*Mexikaresistance.com Note: This ignorance and self-hatred are the direct result of the racist "mestizo" mentality engendered by colonialism and Eurocentric ideals.The adage about sticks and stones may apply to some, but not to Rodrigo Perea, 16, who thinks some words definitely hurt. The most painful in his memory are "Oaxaquita" (little Oaxacan) and "indito" (little Indian), words used to degrade indigenous people from Oaxaca and other Mexican states.
Perea, a Rio Mesa High School student, remembered being called those names in second grade and feeling belittled.
“At first, I felt bad. I wished I wasn’t from Oaxaca,” Perea said. “I was ashamed of it.”
Perea said he never reacted to the name-calling but he never forgot it.
“Once you open a scar, it’s hard to close,” he said.
To help the healing process and to raise awareness of the discrimination against the Mixteco-speaking population, youth group Tequio is urging local school districts to pass a resolution prohibiting such derogatory terms. After hearing emotional testimony from local teens, the Oxnard elementary and Rio school districts approved the resolution. When the academic year starts this fall, Tequio hopes the Ocean View and Hueneme school districts will follow suit.
“This issue of bullying for Oaxaqueños … it’s sad but it’s something that’s realistic and it’s happening,” said Arcenio Lopez, associate director of the Mixteco/Indigena Community Organizing Project.
Tequio means “community work” in the indigenous language of Nahuatl. It was formed in 2010 as a youth leadership and social justice group by the Mixteco/Indigena Community Organizing Project, which is based in Oxnard and marking its 11th year in August.
Targeting schools, the “No me llames Oaxaquita” or “Don’t call me a little Oaxacan” campaign is the first major Tequio project. In addition to combating discrimination, the campaign also calls for school districts to form anti-bullying committees and promote the teachings of Mexico’s indigenous cultures.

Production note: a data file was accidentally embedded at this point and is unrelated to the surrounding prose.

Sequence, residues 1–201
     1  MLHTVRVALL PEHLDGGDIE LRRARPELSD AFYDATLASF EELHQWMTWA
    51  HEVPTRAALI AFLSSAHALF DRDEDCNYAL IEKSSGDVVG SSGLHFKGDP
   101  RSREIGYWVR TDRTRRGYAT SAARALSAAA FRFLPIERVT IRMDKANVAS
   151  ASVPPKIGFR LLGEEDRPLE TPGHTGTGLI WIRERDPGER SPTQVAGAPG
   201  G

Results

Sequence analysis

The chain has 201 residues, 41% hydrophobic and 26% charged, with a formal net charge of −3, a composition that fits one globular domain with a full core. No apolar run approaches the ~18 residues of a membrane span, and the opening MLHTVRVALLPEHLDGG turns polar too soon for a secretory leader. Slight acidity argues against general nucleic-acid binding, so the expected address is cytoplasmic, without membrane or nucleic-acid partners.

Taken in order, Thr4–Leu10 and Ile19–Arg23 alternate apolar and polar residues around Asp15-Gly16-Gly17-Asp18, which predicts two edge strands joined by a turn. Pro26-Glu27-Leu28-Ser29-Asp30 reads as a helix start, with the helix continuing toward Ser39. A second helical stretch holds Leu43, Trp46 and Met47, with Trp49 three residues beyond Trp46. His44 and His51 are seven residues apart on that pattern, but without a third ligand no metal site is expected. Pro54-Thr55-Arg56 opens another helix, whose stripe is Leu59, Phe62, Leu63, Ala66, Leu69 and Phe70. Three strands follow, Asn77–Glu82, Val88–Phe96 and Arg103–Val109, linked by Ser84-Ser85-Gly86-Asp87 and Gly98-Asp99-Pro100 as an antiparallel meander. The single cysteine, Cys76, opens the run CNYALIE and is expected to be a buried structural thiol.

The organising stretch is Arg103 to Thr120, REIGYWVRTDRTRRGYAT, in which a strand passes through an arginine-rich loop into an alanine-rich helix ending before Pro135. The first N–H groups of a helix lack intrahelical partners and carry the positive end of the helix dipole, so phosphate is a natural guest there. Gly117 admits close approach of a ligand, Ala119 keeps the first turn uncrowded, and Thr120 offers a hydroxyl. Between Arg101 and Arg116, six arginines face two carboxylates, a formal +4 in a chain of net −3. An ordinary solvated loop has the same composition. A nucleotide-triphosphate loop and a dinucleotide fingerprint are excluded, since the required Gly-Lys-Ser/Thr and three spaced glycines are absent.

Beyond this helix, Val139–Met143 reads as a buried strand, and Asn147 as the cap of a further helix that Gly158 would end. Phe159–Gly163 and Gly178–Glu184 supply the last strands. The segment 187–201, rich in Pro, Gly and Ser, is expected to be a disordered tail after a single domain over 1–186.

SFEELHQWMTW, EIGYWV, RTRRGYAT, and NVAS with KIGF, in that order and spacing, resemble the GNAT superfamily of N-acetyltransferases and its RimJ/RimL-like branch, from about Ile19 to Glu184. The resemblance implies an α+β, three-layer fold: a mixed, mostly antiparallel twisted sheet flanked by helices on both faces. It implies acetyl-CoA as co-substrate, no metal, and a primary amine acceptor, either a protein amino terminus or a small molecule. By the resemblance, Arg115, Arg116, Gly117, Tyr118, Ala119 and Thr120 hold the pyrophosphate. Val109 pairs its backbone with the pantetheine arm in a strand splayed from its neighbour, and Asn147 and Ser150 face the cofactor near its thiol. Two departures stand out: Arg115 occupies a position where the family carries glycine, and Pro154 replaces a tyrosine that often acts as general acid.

When Tequio was formed, youth members completed a survey and identified discrimination as a key concern in the local Mixtec population, which consists of many farmworkers in Ventura County.
The Mixteco/Indigena Community Organizing Project already was working on a campaign against discrimination in the workplace and helped Tequio target its efforts at school districts with large populations of indigenous Mexicans.
There are about 20,000 indigenous Mexicans in the county, many from the states of Oaxaca and Guerrero and speaking only Mixteco, according to the project. Discrimination in the form of name-calling and bullying are sometimes instigated by the greater Latino community. One student told Rio board members that a district teacher had used the word “Oaxaquita.”
“The schools’ responsibility is to make sure they create a safe environment for students,” Lopez said. “Many people are not aware of this issue in schools.”
Jorge Figueroa, 16, a Rio Mesa student, remembered using the derogatory words against his classmates when he was young. Born in Michoacan and growing up in Oxnard, Figueroa had never heard of Oaxaca and didn’t know some of the words he was using were hurtful.
“I thought I was just playing around, fooling around,” Figueroa said. “Then I realized that those words make you feel less than what you really are.”
Students who faced discrimination on school grounds said they were often singled out for their size, skin color and for speaking Mixteco.
READ THE ENTIRE ARTICLE HERE: Youth group campaigns to end discrimination against Mixtec students » Ventura County Star.